If the LibDems had a 1 in 5 chance of winning, wouldn’t the margin of victory have been much much smaller by rights? The size of the victor’s majority implies a 1 in 250 type event does it not. Either that or your model is inaccurate.

jdenicholls
jdenicholls
11 months ago
Reply to  Prashant Kotak

I don’t think that follows, as saying so and so have this chance of winning doesn’t imply anything about margins of victory. That chance captures everything from a narrow victory to a big one.

Prashant Kotak
Prashant Kotak
11 months ago
Reply to  jdenicholls

So the swing was 34%. If the swing size is irrelevant then would you have forecast at 1 in 5 chance even if the by-election was in a constituency with a wafer thin majority?
That makes almost no sense to me statistically.

jdenicholls
jdenicholls
11 months ago
Reply to  Prashant Kotak

One of the limitations of this article is I didn’t do any adjustment for local conditions. If you wanted to build a more accurate model for predicting by-elections you’d start with a base rate (not necessarily my one) and then start to consider how other factors affect probability. For example: size of majority at last election, time since last general election, approval rating of sitting government.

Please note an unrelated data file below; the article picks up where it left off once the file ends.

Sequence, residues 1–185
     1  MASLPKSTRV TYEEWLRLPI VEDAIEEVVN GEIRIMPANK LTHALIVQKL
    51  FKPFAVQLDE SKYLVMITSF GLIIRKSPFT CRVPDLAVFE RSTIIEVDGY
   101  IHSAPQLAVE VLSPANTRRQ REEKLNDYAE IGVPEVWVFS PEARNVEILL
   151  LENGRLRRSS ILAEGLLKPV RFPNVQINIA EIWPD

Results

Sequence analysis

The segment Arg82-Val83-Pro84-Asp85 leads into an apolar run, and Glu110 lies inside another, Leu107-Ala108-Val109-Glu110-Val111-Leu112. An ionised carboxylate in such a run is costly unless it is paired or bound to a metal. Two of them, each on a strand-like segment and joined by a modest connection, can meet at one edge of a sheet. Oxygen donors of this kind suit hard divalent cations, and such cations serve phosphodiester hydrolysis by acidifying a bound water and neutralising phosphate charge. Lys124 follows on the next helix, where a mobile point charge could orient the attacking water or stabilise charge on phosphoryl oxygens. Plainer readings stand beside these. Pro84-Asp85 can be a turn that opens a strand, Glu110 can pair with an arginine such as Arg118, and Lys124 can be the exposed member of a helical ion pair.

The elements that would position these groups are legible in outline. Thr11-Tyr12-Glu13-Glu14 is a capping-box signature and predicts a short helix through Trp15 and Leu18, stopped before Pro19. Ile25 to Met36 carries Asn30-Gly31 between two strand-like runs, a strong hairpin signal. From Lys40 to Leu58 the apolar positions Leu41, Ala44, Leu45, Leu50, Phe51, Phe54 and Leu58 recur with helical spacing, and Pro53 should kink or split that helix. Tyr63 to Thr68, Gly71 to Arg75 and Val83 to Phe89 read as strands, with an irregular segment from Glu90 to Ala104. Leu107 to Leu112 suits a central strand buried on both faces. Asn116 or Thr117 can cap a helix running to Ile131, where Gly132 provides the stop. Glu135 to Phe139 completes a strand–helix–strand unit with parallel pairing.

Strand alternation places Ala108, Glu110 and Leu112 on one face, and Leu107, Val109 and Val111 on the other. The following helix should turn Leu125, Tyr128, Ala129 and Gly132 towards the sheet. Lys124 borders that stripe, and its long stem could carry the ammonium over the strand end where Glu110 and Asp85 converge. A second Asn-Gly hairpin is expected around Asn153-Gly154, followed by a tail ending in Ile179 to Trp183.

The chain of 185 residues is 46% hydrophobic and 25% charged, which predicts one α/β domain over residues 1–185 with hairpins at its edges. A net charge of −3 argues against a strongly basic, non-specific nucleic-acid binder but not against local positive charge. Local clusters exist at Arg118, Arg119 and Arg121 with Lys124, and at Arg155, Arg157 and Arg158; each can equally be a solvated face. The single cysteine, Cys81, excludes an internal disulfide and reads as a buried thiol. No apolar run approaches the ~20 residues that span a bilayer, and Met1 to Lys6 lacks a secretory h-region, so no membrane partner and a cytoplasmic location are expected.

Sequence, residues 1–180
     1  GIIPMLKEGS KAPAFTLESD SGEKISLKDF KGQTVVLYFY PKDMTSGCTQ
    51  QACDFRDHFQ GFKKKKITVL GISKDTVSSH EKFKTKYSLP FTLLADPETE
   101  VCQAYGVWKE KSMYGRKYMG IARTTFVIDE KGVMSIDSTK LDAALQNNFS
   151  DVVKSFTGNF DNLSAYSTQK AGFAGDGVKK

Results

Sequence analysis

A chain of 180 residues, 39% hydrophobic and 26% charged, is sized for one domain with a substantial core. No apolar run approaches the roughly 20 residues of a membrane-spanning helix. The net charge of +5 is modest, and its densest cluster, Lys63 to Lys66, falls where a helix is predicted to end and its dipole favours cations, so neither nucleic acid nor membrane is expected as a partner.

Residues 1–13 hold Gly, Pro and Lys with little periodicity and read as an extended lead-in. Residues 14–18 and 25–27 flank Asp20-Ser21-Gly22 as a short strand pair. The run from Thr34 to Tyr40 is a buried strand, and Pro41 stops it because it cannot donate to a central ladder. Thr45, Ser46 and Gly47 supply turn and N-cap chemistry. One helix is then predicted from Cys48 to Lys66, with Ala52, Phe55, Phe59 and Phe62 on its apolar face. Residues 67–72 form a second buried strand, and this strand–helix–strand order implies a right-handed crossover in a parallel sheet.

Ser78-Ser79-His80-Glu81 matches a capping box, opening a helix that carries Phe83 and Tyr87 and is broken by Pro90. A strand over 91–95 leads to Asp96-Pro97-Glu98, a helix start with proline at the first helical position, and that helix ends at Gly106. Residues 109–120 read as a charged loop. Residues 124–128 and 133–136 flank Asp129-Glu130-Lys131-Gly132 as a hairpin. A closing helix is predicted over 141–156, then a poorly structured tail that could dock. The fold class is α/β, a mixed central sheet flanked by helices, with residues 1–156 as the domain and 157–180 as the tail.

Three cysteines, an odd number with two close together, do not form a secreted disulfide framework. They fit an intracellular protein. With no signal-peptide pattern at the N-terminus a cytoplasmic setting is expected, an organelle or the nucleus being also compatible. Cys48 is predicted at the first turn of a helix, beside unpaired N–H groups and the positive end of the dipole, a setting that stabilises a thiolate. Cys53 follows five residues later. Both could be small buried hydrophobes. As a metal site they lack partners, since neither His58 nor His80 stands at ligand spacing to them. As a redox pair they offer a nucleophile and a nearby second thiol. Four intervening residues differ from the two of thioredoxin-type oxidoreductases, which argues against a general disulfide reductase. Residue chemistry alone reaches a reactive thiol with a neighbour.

To assess properly you’d need to look back on previous by-elections, but intuitively I’d expect that seats are more likely to be held if the last majority was large. Perhaps that is untrue though, in which case it would have been sensible to revise that 80% figure down. But from what I’ve read most of these forecasts don’t tend to move much away from the base rate, even after adjusting for specifics.

Prashant Kotak
Prashant Kotak
11 months ago
Reply to  jdenicholls

Thanks for the explanation.

Trevor Law
Trevor Law
11 months ago
Reply to  jdenicholls

There were a whole bunch of factors at play in the result; some specific to this time and others specific to this type of constituency. Extrapolating from historical by-election results was never likely to work.

Philip L
Philip L
11 months ago
Reply to  jdenicholls